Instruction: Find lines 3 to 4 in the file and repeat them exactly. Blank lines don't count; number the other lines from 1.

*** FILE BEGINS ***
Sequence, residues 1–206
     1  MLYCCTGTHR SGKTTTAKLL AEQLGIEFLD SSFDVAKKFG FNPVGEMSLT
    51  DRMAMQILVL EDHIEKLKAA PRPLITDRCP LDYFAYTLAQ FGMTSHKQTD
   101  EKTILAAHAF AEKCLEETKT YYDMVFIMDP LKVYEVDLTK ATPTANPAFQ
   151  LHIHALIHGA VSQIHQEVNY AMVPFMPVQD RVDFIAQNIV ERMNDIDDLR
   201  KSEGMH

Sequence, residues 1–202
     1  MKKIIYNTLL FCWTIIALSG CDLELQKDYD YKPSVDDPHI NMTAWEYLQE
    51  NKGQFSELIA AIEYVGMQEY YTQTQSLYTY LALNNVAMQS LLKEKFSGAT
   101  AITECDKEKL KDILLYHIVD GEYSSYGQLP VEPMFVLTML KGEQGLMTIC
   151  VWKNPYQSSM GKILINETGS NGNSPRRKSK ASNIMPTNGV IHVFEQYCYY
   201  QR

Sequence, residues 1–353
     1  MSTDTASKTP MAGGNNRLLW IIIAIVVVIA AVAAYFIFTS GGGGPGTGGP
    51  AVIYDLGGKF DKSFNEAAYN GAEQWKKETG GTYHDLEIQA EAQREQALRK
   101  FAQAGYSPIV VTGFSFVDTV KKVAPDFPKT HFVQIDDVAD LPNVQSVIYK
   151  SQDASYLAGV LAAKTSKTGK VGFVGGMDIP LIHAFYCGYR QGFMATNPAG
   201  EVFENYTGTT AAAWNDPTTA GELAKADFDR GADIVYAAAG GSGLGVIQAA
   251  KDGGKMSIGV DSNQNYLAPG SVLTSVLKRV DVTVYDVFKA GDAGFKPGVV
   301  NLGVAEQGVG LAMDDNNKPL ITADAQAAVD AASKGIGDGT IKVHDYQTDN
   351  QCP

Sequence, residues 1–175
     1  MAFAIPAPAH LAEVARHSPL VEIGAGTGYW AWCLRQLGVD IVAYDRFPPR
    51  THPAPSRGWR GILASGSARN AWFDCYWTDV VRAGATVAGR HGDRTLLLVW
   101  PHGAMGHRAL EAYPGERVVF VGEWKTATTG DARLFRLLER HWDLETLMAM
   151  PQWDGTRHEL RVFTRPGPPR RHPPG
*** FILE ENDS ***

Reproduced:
    51  DRMAMQILVL EDHIEKLKAA PRPLITDRCP LDYFAYTLAQ FGMTSHKQTD
   101  EKTILAAHAF AEKCLEETKT YYDMVFIMDP LKVYEVDLTK ATPTANPAFQ